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The Phoenician Solar Theology: Investigation into the Opinion of the Sun in Julian's Hymn to Helios (New)
by Azize, Joseph
Publisher: Gorgias Press
Book ID: 9781593332105, 1593332106
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This is the first examination of the fragments of the solar theology of the Phoenicians. Beginning from the Emperor Julian’s fourth-century statement, that, in the opinion of the Phoenicians, "the sunlight which is sent forth everywhere is the immaculate action of pure mind itself," this book contends that there existed an authentic and ancient Phoenician solar theology, similar to that described by Julian, reaching back to the sixth or fifth century BCE. Such a theology is described in Damaskios’ quotation from Mochos, the Sidonian philosopher. A passage from Philo of Byblos, preserved in John Lydus, and referring to “the noetic light,” strengthens this argument. Phoenician funerary inscriptions are examined, together with relevant artistic evidence and some surviving accounts of Phoenician thought. Altogether, a portrait of Phoenician spiritual thought emerges: a native tradition not dependent upon Hellenic thought, but related to other Semitic cultures of the ancient Near East, and, of course, to Egypt. Many themes and motifs from ancient Phoenician religion are discussed, such as the phoenix bird (the “Phoenician” bird) which was associated with the concept of immortality, and the possibility that there was a Phoenician cult of “Yhwh”. The book abstracts seven ideas from the extant material as axial concepts. In light of this analysis, it can be seen that Phoenician religion possessed a unique organizing power in which the sun, the sun god, life, death, and humanity, were linked in a profound system, which seems to have been common amongst the Phoenician city states.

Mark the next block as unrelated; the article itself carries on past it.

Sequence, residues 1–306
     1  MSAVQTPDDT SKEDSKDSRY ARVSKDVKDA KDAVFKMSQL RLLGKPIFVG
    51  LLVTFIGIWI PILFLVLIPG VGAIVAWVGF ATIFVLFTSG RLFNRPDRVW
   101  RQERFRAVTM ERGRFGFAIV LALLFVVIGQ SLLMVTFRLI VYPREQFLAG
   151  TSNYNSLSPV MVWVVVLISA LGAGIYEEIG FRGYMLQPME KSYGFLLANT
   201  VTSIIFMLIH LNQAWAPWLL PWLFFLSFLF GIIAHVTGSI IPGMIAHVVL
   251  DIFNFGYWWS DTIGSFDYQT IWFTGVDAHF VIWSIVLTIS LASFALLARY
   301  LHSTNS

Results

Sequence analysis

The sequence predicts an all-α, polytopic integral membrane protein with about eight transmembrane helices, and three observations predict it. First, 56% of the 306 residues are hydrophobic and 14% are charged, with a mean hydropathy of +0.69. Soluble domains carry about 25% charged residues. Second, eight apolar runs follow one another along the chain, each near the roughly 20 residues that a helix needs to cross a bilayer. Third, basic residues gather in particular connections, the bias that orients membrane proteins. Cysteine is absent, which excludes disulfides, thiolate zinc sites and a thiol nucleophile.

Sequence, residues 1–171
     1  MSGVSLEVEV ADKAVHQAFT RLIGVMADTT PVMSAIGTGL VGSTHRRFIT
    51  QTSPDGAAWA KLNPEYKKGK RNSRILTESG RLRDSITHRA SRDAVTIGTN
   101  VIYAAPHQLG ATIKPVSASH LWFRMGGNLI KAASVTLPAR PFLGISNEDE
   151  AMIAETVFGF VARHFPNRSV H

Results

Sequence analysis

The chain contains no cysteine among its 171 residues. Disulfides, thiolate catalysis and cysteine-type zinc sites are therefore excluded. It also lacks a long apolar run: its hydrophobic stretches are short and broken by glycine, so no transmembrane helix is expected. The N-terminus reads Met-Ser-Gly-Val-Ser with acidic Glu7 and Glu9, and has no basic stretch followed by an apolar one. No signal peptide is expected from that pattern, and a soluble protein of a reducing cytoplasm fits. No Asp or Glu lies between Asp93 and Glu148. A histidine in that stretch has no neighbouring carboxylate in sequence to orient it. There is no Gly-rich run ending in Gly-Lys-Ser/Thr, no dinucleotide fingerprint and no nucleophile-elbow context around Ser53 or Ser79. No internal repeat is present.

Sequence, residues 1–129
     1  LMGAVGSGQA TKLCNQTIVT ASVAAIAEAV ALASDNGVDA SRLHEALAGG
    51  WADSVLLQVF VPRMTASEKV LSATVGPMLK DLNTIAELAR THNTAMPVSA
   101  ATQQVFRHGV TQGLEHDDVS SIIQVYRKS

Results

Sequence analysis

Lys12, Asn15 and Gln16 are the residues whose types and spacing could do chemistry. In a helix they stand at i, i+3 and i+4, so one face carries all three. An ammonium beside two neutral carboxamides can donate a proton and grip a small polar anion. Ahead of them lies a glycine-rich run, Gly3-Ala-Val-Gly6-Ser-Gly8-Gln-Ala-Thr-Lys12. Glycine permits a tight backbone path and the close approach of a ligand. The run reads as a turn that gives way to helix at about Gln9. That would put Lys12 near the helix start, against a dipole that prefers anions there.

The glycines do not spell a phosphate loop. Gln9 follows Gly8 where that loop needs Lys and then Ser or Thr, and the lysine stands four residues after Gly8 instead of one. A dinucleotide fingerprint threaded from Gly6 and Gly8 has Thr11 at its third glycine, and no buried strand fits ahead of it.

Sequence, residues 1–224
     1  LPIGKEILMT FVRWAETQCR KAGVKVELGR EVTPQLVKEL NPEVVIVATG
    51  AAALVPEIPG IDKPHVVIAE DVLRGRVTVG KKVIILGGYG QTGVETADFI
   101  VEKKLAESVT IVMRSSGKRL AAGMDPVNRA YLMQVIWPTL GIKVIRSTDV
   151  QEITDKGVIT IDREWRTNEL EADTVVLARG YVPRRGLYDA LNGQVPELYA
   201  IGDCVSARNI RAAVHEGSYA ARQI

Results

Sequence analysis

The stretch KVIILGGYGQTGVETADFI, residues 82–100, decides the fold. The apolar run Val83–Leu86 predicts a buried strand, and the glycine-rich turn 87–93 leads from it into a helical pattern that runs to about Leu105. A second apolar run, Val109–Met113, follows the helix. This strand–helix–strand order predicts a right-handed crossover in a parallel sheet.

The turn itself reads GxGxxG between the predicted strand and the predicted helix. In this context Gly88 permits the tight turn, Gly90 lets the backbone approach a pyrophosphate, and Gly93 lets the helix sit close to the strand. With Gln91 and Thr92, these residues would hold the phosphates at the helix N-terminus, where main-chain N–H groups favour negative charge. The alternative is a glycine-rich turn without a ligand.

Analytic Table of Contents
The Question and the Method
Julian and the "Solar Pericope"
The Remaining Phoenician Pericopes
Julian and His Sources
Julian and Iamblichos
The Sun Goddess of Ugarit
Phoenician Solar Religion: The Funerary Inscriptions
Phoenician Solar Religion: Miscellaneous Evidence
Mochos, Eudemos, and Philo of Byblos
Other Late Evidence
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